In less than a month citizens of Atlanta will take to the polls to elect their next mayor, but before then, 12 candidates continue to pound the pavement in hopes of solidifying more votes.
For months the city has been decorated with campaign signs, banners, and door knockers, but only one candidate will come out on top. At least eight have a reasonable chance of winning the seat, given their name recognition, fundraising and polling.
Atlanta Mayoral CandidatesPeter Aman
: The long-time businessman has worked alongside Mayor Shirley Franklin and Kasim Reed as a trusted overseer of city operating departments and operations efficiencies that saved taxpayers millions of dollars. His campaign focuses on creating a safe, connected and inclusive Atlanta.Rohit Ammanamanchi
: The recent Georgia Tech graduate plans to use his background in Civil Engineering and Computer Science to improve Atlanta's infrastructure, small business economy and education needs. If elected, the 24-year-old plans to revolutionize civic engagement by leading a transparent term.John Eaves
: The Morehouse graduate has served as Chairman of Fulton County Commission for nearly 12 years and tackled initiatives to eliminate HIV/AIDS in metro Atlanta, oversaw the restructuring of Grady Memorial Hospital, and led the county to pass the regions boldest plan to expand the MARTA transit system.Vincent Fort
: Georgia Senator Fort is a man with progressive ideals including the creation of a state hate crimes law, introducing legislation to fight predatory lending, and also introduced Georgia's first Disadvantaged Business Enterprise (DBE) program.Kwanza Hall
: With more than 14 years of public service under his belt, Hall is looking to represent more than the 2nd District which includes Atlantic Station, Castleberry Hill, Downtown, Home Park and several other areas in the heart of the city. If elected, Hall plans to improve public safety and lead justice reform, develop accessible transportation, and create inclusive economic development for women and minority owned small businesses.Keisha Lance Bottoms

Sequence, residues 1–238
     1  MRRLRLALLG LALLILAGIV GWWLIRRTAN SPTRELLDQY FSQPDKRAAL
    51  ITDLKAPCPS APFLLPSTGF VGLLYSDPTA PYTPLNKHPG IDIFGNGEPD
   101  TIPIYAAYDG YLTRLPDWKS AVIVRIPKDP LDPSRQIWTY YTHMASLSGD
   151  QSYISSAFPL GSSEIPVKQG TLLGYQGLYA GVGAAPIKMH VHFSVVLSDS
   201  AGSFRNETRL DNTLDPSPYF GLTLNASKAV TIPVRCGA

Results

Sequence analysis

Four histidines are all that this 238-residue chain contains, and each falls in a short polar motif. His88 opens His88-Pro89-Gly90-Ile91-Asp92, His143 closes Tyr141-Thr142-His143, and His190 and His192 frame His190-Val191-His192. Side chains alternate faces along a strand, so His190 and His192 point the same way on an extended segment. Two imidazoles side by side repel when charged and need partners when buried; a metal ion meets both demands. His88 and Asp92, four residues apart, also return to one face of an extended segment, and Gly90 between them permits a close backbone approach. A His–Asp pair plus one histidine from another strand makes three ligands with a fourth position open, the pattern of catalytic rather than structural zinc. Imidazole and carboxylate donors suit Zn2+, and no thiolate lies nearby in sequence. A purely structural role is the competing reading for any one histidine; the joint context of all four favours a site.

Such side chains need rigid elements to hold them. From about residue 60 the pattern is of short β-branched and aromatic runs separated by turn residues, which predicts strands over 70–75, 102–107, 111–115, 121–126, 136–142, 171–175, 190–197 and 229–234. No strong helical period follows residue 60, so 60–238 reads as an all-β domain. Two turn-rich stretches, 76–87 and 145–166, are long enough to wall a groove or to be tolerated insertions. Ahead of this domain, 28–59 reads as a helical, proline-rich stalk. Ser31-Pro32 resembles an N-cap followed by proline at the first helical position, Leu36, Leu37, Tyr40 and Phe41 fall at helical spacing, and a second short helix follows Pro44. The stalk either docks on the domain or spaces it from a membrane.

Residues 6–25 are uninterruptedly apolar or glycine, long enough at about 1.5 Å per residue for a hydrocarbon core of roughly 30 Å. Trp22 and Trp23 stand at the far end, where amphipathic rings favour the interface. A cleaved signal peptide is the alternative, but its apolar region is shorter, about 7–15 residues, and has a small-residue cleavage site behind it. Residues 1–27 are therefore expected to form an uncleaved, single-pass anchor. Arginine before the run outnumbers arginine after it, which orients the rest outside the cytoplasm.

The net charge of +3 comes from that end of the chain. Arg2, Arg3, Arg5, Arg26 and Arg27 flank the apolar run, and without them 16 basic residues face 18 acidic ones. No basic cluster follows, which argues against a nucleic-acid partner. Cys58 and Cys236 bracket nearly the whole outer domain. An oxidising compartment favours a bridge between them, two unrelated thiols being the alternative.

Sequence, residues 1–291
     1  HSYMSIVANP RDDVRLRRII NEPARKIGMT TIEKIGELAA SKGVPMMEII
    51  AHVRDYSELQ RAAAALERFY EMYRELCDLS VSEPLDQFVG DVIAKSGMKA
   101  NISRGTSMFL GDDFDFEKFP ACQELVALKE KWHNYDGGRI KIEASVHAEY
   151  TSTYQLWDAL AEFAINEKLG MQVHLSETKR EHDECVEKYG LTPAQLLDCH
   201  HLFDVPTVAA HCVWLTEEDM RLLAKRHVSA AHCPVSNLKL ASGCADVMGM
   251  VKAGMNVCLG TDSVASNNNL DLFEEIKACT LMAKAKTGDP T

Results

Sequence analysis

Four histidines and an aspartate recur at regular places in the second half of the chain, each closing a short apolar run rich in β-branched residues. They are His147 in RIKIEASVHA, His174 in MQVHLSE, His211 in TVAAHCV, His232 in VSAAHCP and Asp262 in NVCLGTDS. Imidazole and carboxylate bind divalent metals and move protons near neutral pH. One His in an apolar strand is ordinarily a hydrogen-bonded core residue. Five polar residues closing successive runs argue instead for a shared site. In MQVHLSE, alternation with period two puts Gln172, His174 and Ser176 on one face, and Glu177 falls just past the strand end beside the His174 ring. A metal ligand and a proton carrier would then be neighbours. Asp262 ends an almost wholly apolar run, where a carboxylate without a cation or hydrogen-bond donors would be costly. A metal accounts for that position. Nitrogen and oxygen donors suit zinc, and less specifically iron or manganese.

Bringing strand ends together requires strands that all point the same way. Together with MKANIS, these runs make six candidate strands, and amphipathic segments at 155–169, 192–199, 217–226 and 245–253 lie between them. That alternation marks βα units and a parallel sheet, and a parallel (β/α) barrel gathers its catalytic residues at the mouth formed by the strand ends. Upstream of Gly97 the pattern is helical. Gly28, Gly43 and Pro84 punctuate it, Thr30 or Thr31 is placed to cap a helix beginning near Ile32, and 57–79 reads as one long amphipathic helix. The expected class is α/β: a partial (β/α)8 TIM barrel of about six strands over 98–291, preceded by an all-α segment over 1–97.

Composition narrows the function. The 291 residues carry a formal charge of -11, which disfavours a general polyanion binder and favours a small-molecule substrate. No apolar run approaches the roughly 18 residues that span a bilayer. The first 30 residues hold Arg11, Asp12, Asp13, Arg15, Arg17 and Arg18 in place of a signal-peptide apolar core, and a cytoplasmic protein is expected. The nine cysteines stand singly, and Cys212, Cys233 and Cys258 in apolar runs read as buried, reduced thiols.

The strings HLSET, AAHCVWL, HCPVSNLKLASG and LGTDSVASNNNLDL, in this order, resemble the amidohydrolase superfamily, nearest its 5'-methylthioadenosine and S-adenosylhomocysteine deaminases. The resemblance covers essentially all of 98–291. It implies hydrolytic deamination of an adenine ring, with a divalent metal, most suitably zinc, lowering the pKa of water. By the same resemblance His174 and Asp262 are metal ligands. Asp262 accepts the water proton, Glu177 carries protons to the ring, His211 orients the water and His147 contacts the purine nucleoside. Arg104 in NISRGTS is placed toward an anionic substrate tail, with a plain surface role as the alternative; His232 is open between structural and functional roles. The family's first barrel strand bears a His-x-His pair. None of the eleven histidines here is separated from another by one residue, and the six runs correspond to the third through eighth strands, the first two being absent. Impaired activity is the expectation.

: A dedication to community engagement and public service has garnered Bottoms the support of many for nearly eight years in city council representing District 11. For 20 years Bottoms has also served as General Counsel for a multi-million dollar business, and Judge (Pro Hoc) in Fulton County State Court.Caesar Mitchell
: Attorney and 7th President of Atlanta City Council is leading his platform by focusing on more efficient transit options, improving city streets and roads, and expanding MARTA. Mitchell has championed legislation facilitating economic revitalization in underdeveloped areas by authoring measures to create 4 of the city's 10 Tax Allocation Districts.Mary
Norwwod: The 2009 mayoral candidate is back to take a shot at becoming the first white mayor since 1974 with strong stances on protecting residents from gentrification, improving sustainability and overseeing a more transparent government allowing citizens to see exactly how city money is being spent.Cathy Woolard
: As the first woman to serve as President of the Atlanta City Council Woolard is looking to trail blaze a strategic plan of action to create affordable housing along the Beltline, increase city greenspaces, and facilitate collaboration between communities, local agencies and the government.Glen S. Wrightson
: The Grant Park resident last ran for mayor in 2014. This year his campaign slogan is "Providing Cooperative, Smart and Practical Leadership," which he hopes to do by running a citizen-friendly government.Candidates that have dropped out of the race:Laban King
: (King has dropped out of the running to be Atlanta's next mayor) The private businessman is the son of two union executives for Chrysler and General Motors. King is focused on preserving traditions that have a proven success record for the city, and making improving where new leadership and innovative ideas can thrive.Michael Sterling
: (Sterling has dropped out of the race for Atlanta's next mayor, throwing all of his support behind Ceaser Mitchell.) Former Executive Director of the City of Atlanta Workforce Development Agency is ready to sink his teeth into the battle of eliminating income inequality, implementing arts programs in troubled neighborhoods and to deliver quality universal early childhood/pre-k education for every student in the city.The election is scheduled for Nov. 7.
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